ST. PETERSBURG — The St. Petersburg-Habana Yacht Race was more than just a sporting event for the McMasters family. It was part of their identity.
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The regattas ran for three decades and Lew McMasters Sr. took part in every one of them. He was commodore with the yacht club sponsor in the race's first year, 1930. He helped organize the event from year three on. And, with his children as crew, he won the race in 1959 — the last year it was held.
On Tuesday, the St. Petersburg Yacht Club will resurrect the race after a 58-year hiatus as 550 sailors aboard 80 yachts set off at 10 a.m. for a journey from the St. Petersburg Pier to Havana's Marina Hemingway that will run one to two days across 284 nautical miles.
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Among the participants will be the grandchildren of Lew McMasters Sr. — John McMasters, 62, of St. Petersburg, and his sister, Martha Pearson, 64, of Atlanta. Their father Lew McMasters Jr. was also part of the 1959 champion crew.
"We're the third generation of our family to be part of it," said John McMasters, who will captain a boat named the Cool Cat I. "The McMasters never missed one. We had to continue the tradition. It's always been a part of us."
The St. Petersburg-Habana Yacht Race was founded in 1930 by George "Gidge" Gandy Jr. — the man whose toll road first linked Tampa and St. Petersburg by land — to promote the region and help it recover from the Great Depression.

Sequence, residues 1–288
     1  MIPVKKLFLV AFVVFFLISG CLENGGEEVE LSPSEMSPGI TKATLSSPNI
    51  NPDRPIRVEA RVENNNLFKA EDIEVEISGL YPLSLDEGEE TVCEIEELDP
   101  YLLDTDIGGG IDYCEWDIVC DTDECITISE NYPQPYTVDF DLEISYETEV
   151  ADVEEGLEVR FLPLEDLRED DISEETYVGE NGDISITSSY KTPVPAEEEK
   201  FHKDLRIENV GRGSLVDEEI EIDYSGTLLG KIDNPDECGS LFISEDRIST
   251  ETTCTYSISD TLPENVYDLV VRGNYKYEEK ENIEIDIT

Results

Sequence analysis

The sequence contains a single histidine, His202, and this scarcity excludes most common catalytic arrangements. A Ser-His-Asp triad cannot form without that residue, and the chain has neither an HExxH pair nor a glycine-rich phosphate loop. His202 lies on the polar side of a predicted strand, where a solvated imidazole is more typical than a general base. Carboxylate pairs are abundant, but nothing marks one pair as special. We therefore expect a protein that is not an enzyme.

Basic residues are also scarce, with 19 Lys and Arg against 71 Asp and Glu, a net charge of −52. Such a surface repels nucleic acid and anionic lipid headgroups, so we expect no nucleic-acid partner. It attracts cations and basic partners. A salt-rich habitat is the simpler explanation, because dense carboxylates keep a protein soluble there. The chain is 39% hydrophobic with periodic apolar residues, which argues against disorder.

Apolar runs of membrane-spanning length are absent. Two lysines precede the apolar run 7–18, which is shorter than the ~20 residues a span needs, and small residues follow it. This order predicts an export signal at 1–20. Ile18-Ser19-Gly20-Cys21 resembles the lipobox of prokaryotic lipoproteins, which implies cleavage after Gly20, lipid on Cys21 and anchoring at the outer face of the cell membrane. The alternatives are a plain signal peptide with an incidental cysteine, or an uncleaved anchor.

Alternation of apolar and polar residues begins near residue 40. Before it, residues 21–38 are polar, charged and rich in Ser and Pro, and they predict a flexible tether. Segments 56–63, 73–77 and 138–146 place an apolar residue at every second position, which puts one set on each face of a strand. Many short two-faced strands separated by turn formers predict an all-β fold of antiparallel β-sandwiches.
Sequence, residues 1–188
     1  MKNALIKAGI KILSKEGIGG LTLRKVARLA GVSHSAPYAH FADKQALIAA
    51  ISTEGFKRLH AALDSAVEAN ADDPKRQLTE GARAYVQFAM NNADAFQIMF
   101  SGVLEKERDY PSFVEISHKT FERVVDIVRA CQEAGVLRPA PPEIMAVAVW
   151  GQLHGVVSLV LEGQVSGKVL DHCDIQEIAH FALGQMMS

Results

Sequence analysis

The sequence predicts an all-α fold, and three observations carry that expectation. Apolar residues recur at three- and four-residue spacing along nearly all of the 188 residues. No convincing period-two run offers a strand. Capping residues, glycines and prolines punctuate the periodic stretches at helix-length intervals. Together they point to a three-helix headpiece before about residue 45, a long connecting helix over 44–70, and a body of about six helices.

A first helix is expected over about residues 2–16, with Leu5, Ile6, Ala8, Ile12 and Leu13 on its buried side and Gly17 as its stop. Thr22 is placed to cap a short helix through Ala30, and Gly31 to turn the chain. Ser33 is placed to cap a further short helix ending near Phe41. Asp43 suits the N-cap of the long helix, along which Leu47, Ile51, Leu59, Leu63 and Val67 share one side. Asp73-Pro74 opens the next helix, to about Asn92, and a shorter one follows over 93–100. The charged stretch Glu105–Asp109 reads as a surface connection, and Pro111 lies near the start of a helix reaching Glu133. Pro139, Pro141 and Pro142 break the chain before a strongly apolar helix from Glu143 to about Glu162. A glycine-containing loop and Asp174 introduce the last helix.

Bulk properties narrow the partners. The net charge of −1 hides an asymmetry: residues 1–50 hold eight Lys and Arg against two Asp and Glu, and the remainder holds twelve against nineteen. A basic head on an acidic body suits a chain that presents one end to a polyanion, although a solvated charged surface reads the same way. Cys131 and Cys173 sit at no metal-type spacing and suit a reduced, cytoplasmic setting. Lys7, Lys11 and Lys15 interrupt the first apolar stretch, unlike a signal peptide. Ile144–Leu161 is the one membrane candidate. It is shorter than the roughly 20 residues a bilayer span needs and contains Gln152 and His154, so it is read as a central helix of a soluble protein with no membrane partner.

The first race featured 11 boats, including Lew McMasters Sr.'s Marelen II — a mashup of the names of his wife Margaret and his daughter Ellen. He placed third.
In 1932, Gandy relinquished primary race organizing duties to McMasters.
"He was big time," said George Pennington, chairman of this year's race. "There's a reason his picture hangs on the yacht club's wall. He was a big part of the regatta."
Depression-driven financial woes forced McMasters to sell the Marelen II before the 1933 race. He crewed on another boat. The winner that year? The Marelen II.
"Yep," John McMasters said with a chuckle. "That's how it goes."
The race was suspended from 1942 through 1945 for World War II. When it resumed in 1946, Lew McMasters Jr. joined his father. A few years later, they raced a new family boat, the Marelen III, and Ellen McMasters joined her father's team.
In 1952, boats arrived in Havana in the midst of a military coup and bullets pierced at least one sail, according to the St. Petersburg Yacht Club's website.
Another year, Lew McMasters Jr. was almost done in by illness.
"My dad came down with appendicitis during one race," John McMasters said. "They finished the race and then took him into Havana for an emergency appendectomy."
The race would grow to include more than 30 boats a year with large crowds at each end of the course. And it succeeded in bringing international acclaim to St. Petersburg.
But in 1960, following the rise of Cold War-era communism in Cuba, the event was canceled.
Inspired by the initiative to normalize relations with Cuba under President Barack Obama, the St. Petersburg Yacht Club revived the race.
But with President Donald Trump threatening to roll back Obama's Cuba policies, there is no guarantee the race will return next year. That makes taking part this year all the more important for the McMasters family.
"Who knows if there will ever be another one," John McMasters said. "If we come in first, great, but I'm not thinking of that. We win by being part of it."
Contact Paul Guzzo at firstname.lastname@example.org. Follow @PGuzzoTimes.
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